** Labor of Love by Moira Weigel

Labor of Love: The Invention of Dating talks about dating, from its early beginnings in the early 20th century to today. It is not a scholarly work, as it quotes abundantly and occasionally gratingly from the popular press and the author’s own experience. The author does make interesting points about how the rules of dating are linked to economic power, and how modern technology does not radically change the game.

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* Bullies by Alex Abramovich

It must be fashionable for grown men to write about their childhood bullies. Unlike Whipping Boy, however, Bullies: A Friendship focuses on the present. The author’s one-time bully is now the president of a motorcycle club in Oakland, CA, and the author, somewhat strangely, sets out to explore in great detail the activities of the club, depicting Oakland as a drug-infested den of violence and hopelessness which leaves locals, and even semi-locals like me shaking our heads. Yes, there are very dangerous places in Oakland but even the author acknowledges that he managed to live there for months in complete safety, apart from his repeated trips to the infamous triangle where his ex-bully, now supposedly “friend”, operates. It turns out that motorcycle “clubs” (I would say gangs) are very violent and 200 pages of that simultaneously turned my stomach and bore me immensely. Stay away from psychopaths.

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** Dinner with Edward by Isabel Vincent

Dinner with Edward: A Story of an Unexpected Friendship is a lovely story of how a young woman who just separated from her husband (and, apparently and rather drastically, her daughter) gets solace from scrumptious dinners with the elderly father of a friend who needs cheering up as he ages, without his beloved wife. The recitation of the menus seems overdone in a sea of similar book structures, but I loved the soft, yet lucid focus on how hard it is to age and slowly lose the ability to do simple tasks, not to mention equally aged friends.

 

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*** The Second Girl by David Swinson

The hero of The Second Girl should be a disgraced ex-police officer, but he was allowed to retire quietly instead, and he how uses his investigative skills as a PI with a solid drug habit that he carefully hides from others. After accidentally rescuing a teenager who had been kidnapped by a gang, he is hired by the parents of another — and chaos ensues. The non-hero carries the story, which unfolds seamlessly. The only false note is a would-be romance with his lawyer-partner, but it is only a tiny part of the story. A gripping tale.

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* Whipping Boy by Allen Kurzweil

Whipping Boy: The Forty-Year Search for My Twelve-Year-Old Bully recounts the author’s obsession with finding the tormentor from this sixth-grade year in an exclusive Swiss boarding school. I found the memories from boarding school fascinating, with a mix of old-world propriety, eccentric headmaster, and wealthy students — but the adventures of the elusive bully bored me. Not that the level of criminal inventiveness is not remarkable, involving a fake Duke, phantom countries, and an entirely fraudulent trust that extracted millions of dollars from rather gullible seekers of capital. But the minutiae of the story overshadows the portrait of a textbook psychopath.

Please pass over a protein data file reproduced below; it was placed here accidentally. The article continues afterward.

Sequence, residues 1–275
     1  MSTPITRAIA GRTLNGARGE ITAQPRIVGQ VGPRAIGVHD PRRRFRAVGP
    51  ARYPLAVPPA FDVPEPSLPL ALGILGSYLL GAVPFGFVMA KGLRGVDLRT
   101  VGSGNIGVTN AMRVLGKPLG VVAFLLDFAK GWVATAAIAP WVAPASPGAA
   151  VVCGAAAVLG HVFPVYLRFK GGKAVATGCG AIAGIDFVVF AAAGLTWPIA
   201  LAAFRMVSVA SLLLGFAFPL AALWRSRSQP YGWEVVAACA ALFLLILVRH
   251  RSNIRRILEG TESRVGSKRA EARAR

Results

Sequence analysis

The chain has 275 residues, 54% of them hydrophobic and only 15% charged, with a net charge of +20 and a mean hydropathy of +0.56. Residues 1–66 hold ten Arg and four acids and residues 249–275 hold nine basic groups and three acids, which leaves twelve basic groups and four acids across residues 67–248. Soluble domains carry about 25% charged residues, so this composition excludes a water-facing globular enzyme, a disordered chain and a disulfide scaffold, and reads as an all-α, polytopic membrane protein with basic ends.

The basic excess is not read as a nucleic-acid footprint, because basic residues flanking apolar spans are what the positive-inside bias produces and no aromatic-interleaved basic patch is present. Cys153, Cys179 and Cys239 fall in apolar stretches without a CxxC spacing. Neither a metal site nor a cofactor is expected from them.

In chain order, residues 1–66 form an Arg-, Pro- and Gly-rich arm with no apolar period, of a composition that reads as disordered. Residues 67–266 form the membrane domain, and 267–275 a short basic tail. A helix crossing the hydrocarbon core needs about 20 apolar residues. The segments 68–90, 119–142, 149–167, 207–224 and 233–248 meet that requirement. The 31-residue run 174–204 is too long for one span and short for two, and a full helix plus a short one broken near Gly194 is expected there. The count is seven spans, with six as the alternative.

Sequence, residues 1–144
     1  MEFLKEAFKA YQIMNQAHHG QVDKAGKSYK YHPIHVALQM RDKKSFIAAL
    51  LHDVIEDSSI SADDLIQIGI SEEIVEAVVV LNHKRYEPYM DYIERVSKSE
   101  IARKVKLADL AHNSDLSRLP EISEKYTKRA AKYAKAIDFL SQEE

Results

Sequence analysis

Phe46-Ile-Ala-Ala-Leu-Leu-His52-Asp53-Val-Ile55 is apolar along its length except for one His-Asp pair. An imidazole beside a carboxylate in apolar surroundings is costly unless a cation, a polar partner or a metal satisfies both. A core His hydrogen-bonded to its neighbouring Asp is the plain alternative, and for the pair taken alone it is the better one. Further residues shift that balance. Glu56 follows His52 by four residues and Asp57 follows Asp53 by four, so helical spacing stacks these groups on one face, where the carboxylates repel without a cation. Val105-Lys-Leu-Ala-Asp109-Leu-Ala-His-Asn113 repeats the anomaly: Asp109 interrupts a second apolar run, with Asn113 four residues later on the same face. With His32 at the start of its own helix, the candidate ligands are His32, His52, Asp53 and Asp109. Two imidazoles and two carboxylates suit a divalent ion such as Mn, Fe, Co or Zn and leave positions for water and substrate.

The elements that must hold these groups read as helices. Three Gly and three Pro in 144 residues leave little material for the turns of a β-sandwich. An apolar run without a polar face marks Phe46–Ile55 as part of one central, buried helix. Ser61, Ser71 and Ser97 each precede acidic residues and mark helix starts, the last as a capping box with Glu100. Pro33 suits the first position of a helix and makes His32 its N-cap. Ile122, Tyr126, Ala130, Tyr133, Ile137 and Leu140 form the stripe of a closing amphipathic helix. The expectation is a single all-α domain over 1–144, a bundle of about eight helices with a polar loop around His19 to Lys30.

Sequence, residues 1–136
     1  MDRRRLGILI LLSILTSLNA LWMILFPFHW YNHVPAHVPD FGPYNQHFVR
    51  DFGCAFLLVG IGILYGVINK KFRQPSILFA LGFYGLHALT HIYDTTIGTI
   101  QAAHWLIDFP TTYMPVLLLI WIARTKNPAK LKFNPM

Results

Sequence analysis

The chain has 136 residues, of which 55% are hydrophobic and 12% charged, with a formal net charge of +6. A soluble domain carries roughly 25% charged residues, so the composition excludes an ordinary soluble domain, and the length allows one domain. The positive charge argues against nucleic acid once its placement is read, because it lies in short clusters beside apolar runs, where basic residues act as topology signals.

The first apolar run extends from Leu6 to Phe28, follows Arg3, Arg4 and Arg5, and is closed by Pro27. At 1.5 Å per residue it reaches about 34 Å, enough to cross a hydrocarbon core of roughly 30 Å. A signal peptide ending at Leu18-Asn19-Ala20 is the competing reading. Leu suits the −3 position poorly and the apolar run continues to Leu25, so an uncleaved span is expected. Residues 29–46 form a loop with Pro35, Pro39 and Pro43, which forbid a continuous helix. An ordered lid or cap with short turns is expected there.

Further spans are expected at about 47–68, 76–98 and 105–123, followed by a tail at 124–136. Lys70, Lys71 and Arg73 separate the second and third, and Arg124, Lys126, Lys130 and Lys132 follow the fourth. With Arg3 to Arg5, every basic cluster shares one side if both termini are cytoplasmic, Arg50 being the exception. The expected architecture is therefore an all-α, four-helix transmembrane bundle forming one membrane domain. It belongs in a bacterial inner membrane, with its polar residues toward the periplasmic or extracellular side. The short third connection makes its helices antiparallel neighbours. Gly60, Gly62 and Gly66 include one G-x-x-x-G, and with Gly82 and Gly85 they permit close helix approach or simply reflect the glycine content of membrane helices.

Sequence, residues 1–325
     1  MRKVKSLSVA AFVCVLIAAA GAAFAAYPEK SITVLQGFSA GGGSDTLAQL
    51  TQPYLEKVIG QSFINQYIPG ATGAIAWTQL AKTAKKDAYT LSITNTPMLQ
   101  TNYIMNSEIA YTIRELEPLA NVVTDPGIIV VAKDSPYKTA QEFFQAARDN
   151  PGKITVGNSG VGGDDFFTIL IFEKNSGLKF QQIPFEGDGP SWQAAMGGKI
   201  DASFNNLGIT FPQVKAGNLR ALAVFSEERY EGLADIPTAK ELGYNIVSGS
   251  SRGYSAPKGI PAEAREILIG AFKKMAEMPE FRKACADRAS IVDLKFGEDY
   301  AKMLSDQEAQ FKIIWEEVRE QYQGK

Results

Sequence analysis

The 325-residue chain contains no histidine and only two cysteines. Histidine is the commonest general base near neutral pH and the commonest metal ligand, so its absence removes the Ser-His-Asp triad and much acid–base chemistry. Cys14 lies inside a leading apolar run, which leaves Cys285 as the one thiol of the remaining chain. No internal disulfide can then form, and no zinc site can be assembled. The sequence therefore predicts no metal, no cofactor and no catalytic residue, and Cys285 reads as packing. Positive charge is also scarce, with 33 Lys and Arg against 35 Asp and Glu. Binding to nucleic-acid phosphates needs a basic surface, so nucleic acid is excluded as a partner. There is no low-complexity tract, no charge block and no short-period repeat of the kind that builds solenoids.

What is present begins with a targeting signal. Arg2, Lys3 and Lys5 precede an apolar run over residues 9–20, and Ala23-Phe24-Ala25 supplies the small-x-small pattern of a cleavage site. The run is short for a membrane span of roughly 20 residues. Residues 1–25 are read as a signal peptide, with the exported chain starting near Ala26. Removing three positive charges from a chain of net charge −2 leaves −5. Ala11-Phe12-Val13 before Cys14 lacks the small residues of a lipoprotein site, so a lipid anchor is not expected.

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** White Trash by Nancy Isenberg

The United States often thinks of itself as a classless society, but of course that’s a delusion, as the author of White Trash: The 400-Year Untold History of Class in America demonstrates, starting with the first immigrants who promptly created local versions of aristocracy — and very familiar patterns of contempt and exclusion of the poor, in particular through nonexistent or substandard education.  Along the way she introduces many elitists, including Harriett Beecher Stowe, who wrote rather disturbing anti-poor literature, and the eugenists who sterilized Carrie Buck, and (a few) others who introduced more inclusive politics. Class may not be as explosive a topic as race, but perhaps it should be.

 

 

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** Furiously Happy by Jenny Lawson

Furiously Happy: A Funny Book About Horrible Things is a collection of essays and real-life stories by the author, who shares her struggles with depression and a host of other psychological ailments in a voice that is in turn hilarious and poignant. I thought the personal memories were told in a wonderful manner, discussing mental illness with welcome openness. The humor parts I did not think so funny! Many seem aimless and others seemed off-mark to me.

 

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Filed under Non fiction